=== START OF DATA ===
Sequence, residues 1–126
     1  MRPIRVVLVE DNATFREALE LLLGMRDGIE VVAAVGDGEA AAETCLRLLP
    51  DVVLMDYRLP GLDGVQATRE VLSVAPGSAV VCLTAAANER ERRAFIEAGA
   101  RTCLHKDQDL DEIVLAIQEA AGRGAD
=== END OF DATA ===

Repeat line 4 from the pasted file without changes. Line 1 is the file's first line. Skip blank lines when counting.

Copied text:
   101  RTCLHKDQDL DEIVLAIQEA AGRGAD